Under Young’s direction, SAY Media became a $100 million company in just two years. Now, Young will participate in Hearst’s digital direction.

For a publisher serious about accelerating its focus on digital revenues and social-mobile engagement, what, according to Young, are the critical first steps?

I recently had a discussion with Young. It’s clear that for Young, creative problem solving is a passion.

Young provided 12 essential lessons for magazine publishers everywhere. Here’s a look at key highlights from the first six – the next six to be found in part two.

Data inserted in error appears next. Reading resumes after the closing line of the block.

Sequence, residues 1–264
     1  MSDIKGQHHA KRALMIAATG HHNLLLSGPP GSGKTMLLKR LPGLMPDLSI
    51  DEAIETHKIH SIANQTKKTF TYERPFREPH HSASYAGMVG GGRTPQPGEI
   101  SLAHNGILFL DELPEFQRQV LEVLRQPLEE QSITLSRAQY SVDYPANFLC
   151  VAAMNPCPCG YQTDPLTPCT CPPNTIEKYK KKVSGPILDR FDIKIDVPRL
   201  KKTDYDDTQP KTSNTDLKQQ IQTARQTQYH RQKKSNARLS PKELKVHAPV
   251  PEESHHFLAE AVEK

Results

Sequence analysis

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Magazines Reinvented: 12 Lessons from Hearst’s Troy Young, Part 1.

  1. 1. Magazines Reinvented: 12 Lessons from Hearst’s Troy Young, Part 1 Malcolm Netburn Chairman and CEO of CDS Global WITH MALCOLM NETBURN